The BMA has agreed to return to negotiations with the Government on the junior doctors’ contract — and has called for a deal which could ‘break the impasse’.
The association immediately accepted the AoMRC's (Academy of Medical Royal Colleges) plea for a five-day break, which means the Government will pause the introduction of the contract while outstanding issues are discussed.
The Department of Health initially appeared to refuse the offer — suggesting that the contract must go ahead — but has now agreed to return to talks, which are planned to resume on Monday.
BMA junior doctors committee chair Johann Malawana said: ‘Junior doctors have said since the outset that we want to reach a negotiated agreement, and have repeatedly urged the government to re-enter talks.
‘As suggested by the academy, we are keen to restart talks with an open mind. It is critical to find a way forward on all the outstanding issues — which are more than just pay — and hope that a new offer is made that can break the impasse.’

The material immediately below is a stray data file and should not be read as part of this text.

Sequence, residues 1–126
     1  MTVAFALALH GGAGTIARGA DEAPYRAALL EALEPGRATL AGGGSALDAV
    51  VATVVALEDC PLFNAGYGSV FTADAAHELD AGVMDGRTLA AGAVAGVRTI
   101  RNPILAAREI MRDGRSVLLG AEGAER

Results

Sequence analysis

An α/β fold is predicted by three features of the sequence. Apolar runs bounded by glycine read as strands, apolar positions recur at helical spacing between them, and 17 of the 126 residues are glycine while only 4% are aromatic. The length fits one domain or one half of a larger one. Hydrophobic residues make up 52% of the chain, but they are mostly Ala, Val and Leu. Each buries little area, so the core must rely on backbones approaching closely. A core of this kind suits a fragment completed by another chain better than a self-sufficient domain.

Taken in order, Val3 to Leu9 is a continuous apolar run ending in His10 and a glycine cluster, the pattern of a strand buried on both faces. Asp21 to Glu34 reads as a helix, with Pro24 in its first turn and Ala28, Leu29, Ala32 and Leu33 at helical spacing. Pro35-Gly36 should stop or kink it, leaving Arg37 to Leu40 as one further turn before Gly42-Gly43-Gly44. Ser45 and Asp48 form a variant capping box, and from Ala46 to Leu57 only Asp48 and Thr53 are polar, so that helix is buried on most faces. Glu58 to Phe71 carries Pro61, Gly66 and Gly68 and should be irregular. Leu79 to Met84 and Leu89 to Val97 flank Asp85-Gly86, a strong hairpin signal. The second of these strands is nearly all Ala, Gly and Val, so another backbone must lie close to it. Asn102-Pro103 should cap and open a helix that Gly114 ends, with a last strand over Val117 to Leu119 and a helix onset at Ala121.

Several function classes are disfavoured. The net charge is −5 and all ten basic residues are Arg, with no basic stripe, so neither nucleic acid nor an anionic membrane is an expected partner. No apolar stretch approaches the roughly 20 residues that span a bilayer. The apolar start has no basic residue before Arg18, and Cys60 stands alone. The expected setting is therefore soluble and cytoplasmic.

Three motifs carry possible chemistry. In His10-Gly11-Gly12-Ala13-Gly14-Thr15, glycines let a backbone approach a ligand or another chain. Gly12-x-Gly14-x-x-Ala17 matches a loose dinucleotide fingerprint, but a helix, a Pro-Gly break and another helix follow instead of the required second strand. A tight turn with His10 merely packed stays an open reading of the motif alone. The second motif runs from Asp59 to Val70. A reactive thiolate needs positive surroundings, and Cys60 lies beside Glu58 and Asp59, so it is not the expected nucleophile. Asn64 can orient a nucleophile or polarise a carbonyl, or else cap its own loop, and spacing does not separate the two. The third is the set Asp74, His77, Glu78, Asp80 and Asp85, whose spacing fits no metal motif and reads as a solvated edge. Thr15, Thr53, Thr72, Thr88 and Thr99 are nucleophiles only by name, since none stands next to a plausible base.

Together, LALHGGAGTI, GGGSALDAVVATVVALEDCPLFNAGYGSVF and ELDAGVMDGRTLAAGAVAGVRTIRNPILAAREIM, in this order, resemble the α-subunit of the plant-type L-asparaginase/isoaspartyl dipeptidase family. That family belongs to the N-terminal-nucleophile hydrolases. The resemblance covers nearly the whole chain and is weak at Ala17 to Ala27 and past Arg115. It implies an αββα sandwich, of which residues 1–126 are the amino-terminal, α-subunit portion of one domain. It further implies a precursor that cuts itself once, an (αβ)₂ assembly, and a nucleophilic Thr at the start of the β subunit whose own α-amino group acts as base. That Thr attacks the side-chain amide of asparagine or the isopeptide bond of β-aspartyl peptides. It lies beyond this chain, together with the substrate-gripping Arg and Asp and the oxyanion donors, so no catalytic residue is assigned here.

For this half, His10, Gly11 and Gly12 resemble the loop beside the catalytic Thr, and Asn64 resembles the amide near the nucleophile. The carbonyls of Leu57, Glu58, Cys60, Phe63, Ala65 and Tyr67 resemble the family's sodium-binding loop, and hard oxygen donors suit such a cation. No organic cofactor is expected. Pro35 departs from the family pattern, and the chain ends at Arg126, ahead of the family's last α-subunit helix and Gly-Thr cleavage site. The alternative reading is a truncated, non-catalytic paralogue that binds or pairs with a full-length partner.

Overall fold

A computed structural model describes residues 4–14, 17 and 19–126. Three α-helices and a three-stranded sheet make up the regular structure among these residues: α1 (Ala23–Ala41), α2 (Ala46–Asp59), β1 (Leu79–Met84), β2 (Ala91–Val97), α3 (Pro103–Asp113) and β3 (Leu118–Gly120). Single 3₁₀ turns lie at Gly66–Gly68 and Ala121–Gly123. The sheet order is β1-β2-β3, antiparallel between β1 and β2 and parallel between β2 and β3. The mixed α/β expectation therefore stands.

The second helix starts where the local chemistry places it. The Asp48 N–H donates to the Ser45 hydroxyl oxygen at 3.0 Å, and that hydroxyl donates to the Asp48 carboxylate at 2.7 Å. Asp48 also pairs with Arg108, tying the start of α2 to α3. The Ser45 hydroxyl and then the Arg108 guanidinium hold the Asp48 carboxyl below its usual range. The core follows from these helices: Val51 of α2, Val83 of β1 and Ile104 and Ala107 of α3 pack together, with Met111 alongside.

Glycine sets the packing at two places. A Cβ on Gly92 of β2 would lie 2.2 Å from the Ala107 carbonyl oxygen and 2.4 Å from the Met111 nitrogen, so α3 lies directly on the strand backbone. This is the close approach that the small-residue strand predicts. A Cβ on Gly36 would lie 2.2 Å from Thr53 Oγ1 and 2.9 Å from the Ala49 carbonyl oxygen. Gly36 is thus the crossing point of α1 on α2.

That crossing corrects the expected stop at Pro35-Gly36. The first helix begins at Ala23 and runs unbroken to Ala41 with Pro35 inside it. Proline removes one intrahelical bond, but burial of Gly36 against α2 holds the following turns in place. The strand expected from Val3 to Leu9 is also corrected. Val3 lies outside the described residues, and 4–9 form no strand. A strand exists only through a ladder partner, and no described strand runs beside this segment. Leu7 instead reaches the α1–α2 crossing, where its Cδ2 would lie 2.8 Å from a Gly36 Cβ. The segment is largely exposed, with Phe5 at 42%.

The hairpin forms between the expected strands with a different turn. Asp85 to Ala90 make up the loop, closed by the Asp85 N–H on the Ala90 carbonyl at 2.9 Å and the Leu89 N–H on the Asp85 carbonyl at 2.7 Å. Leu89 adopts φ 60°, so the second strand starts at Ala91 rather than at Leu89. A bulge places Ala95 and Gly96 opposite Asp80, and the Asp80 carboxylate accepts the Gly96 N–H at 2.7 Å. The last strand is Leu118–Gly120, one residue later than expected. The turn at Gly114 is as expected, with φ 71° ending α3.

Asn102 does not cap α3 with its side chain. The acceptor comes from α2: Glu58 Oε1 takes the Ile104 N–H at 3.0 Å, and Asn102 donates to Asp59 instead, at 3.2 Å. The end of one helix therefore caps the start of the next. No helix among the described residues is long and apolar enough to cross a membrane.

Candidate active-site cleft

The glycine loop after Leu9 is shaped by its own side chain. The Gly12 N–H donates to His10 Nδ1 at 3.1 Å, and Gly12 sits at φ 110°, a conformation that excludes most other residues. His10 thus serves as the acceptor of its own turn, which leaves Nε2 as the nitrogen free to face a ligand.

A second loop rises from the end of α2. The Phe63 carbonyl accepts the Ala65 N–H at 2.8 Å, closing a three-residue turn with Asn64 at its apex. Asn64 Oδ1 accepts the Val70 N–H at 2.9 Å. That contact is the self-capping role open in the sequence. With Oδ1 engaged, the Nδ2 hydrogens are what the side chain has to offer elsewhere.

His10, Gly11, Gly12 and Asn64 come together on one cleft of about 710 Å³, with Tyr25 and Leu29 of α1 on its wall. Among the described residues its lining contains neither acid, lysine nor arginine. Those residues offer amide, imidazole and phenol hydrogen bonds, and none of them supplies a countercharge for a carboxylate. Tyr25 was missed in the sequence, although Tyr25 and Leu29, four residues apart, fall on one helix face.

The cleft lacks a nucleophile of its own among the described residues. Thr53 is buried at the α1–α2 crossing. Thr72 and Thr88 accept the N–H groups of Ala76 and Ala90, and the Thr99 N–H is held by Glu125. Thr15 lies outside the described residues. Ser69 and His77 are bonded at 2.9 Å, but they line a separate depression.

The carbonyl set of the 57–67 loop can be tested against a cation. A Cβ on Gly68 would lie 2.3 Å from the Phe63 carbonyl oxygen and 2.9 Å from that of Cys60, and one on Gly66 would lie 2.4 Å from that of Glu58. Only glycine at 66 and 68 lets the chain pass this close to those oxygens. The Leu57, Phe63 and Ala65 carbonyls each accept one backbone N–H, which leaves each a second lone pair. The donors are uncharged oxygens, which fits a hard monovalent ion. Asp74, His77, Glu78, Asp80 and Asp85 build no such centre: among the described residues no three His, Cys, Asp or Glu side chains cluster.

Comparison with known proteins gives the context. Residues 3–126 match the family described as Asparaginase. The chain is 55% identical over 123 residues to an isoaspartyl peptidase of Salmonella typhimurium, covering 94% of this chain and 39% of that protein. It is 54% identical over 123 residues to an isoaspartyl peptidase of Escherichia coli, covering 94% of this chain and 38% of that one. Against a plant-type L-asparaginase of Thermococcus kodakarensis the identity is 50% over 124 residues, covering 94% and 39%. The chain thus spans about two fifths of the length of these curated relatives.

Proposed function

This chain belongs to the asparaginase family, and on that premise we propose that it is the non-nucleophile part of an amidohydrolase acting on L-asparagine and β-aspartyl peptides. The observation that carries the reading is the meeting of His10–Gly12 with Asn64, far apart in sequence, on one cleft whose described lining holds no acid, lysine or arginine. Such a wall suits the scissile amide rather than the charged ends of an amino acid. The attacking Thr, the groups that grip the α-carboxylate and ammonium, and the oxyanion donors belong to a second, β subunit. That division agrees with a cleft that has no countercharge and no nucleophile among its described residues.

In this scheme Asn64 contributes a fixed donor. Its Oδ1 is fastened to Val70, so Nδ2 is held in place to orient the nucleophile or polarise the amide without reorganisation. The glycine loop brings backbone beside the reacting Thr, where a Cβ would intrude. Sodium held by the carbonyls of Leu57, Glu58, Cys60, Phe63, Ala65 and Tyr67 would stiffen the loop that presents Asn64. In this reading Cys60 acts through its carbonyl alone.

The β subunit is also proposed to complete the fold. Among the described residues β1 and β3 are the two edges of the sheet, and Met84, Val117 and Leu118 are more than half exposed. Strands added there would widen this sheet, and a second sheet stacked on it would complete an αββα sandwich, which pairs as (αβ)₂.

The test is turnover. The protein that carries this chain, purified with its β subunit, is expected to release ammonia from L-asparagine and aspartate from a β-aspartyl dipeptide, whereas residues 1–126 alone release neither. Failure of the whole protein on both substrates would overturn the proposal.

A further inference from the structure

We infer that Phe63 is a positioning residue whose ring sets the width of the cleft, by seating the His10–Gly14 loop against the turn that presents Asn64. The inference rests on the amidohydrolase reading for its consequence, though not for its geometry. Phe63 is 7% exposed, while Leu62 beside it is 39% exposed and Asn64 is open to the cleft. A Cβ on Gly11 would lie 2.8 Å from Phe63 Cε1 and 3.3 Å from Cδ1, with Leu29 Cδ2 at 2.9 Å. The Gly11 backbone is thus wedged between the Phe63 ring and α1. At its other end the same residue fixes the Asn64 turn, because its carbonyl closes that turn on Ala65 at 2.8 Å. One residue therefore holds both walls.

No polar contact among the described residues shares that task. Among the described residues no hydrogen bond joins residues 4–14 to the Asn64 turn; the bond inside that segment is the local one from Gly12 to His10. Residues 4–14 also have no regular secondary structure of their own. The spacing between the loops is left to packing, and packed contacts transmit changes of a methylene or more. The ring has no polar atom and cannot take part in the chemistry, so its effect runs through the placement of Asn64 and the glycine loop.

The proposal came in a letter from the AoMRC, sent on Thursday morning, which says the dispute had led to junior doctors considering alternative careers and urges a resumption in talks. It suggests the negotiations could be led by an independent chair.
AoMRC chair Professor Dame Sue Bailey said: ‘A five-day pause without ifs, buts or maybes and with both sides in the dispute publicly committing to a serious attempt to reach a resolution through genuine dialogue is obviously the only way out of this impasse.’
Junior doctors have felt forced to take industrial action, on five occasions, after health secretary Jeremy Hunt decided to impose his new contract in February.
A letter responding to the call from the AoMRC signed by Mr Hunt says: ‘In response to your call for a five-day negotiating period … we are willing to play our part.
'We will pause introduction of the new contract for five days fromn Monday should [JDC] agree to return to talks.'
The move was supported by the GMC and NHS Confederation as well the academy, which represents 22 medical royal colleges.
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